Look, you know, what you have here are reporters that gathered in Austin, you know, last Monday night -- was it last Monday night? -- or however long we've ago we've been doing this, you know, whenever the election was and, you know, expecting that the political story, the campaign story was going to end.

So now we're all sitting in Austin, and the political campaign story is going to end in Florida in an arena that most reporters are not used to dealing in. You know, you get court orders and, you know, looking at them thinking, OK, what does this mean? Now inside the Bush campaign, they're essentially doing the same thing. This is the political arm of the Bush campaign, Austin headquarters. So it has to first learn from their lawyers whet the heck this means. If it's a bad ruling, they have to find out what the bright side is, where the pony is...

KURTZ: Right.

CROWLEY: ... and then they come out and, you know, talk to reporters. So it's -- you know, they're caught up in both a logistical problem as well as just a strategy problem.

KURTZ: I think everybody's had a crash course in dimpled chads.

Chris Black, same question to you about the vice president's campaign. When they're not doing something for the cameras or bringing out Warren Christopher or now David Boies, has it been difficult to get information from the Gore folks about what their strategy is and how they're reacting to all the maneuvering?

CHRIS BLACK, CNN CORRESPONDENT: Well, I must tell you, Howie, I haven't had any difficulty at all. And I think part of the reason is there are just so many Gore campaign sources. They have an army of 500 people right now in Florida, and most of them are veterans of many political wars, a lot of lawyers, a lot of political operatives. So if you can't find one person, there's about five, six, seven, a dozen more you can find. So I personally haven't had any difficulty at all.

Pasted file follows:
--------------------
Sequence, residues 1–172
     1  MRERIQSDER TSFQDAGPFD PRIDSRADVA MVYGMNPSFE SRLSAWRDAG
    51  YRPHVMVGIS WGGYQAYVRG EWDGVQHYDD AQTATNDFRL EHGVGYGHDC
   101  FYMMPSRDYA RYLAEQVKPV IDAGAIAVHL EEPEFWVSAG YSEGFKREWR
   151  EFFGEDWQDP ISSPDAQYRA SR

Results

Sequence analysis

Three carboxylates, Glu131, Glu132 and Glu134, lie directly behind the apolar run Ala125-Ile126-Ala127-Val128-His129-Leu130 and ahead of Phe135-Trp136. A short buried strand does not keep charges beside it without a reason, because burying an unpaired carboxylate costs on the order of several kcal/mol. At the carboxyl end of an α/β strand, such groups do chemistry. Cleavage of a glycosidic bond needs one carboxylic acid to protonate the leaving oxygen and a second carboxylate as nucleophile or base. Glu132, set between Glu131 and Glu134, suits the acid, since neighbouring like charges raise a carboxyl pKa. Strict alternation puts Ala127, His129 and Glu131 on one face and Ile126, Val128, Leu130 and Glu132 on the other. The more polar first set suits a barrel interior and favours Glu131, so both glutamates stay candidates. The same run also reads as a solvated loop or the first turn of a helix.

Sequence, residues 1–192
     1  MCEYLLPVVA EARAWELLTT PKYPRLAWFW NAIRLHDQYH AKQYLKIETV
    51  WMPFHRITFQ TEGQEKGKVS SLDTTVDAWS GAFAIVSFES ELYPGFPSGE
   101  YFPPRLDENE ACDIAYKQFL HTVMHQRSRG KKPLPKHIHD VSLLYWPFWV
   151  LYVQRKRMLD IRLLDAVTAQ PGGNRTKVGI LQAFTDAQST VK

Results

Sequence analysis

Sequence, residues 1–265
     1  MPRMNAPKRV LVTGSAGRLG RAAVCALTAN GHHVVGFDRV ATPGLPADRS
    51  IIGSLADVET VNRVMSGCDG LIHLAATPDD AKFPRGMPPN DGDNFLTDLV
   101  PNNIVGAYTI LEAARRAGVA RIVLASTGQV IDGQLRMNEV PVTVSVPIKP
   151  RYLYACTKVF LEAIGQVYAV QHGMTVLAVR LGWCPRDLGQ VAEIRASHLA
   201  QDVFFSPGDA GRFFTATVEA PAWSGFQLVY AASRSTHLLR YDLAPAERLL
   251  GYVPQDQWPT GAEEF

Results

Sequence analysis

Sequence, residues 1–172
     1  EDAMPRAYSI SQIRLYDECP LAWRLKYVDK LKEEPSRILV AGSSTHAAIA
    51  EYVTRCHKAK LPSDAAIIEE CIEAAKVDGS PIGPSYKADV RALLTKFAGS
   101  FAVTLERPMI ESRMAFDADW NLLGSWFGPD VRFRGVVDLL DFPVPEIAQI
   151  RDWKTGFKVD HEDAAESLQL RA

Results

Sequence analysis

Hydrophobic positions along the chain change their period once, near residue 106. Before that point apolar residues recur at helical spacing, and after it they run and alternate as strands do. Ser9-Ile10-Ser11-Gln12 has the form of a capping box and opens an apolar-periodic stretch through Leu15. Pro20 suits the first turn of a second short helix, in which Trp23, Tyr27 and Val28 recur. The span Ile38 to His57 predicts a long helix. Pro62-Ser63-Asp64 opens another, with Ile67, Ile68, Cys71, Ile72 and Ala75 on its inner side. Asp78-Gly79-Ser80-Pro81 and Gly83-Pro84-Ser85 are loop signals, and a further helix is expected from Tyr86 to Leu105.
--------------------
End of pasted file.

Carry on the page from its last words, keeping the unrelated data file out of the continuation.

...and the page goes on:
But this PR war really goes right to the heart of the perception of the legitimacy of this victory, so it's important. And what the Gore people are trying to do is paint a picture of a very partisan secretary of state, the co-chair of George Bush's Florida campaign, trying to deny the will of the people.

While on the other side, the Bush campaign is making a very aggressive effort to completely delegitimize the recount process, saying, oh, it's chaotic, there's these old people, they don't know what they're doing...

KURTZ: And trying to convince the public through the...

BLACK: Precisely.

KURTZ: ... through the mechanism of the media.

BLACK: Exactly. But, you know, what's interesting to me is the pictures of this seem to be helping the Gore side a little bit more than the Bush side, because the secretary of state, whatever you think of her, unfortunately invites parody. And they -- the -- she's sort of -- her physical appearance is feeding the Gore campaign';s attempt to paint her as this terrible dragon lady.

KURTZ: OK, but let me turn you back to the Gore campaign, Chris Black. And for all the army of spinners that you say are out there, we haven't seen on camera in recent days the main Gore team spokesmen, Mark Fabiani or Chris Lehane. Is that an accident? BLACK: Well, Lehane has unquestionably become a little bit radioactive, and he would admit that himself. He was the pit bull during the campaign. He made a lot of enemies, including Senator Specter of Pennsylvania, who absolutely hates him. And he was very partisan, very tough, and a decision was made that it was better to present a slightly more low-key face of the campaign, which is why Doug Hattaway is doing a lot of the public appearances and why they keep rolling out the gray beards.

KURTZ: The gray beards and the lawyers...

BLACK: Precisely.

KURTZ: ... and make it look a little less political.

BLACK: Exactly.

KURTZ: Candy Crowley, back to you. Is it part of the Austin strategy that we don't see Governor Bush that much? After all, one of the only times he came on camera to respond was because he felt he had to respond to Al Gore, who had made a statement, s surprise statement for the cameras at the top of the evening news a couple nights ago.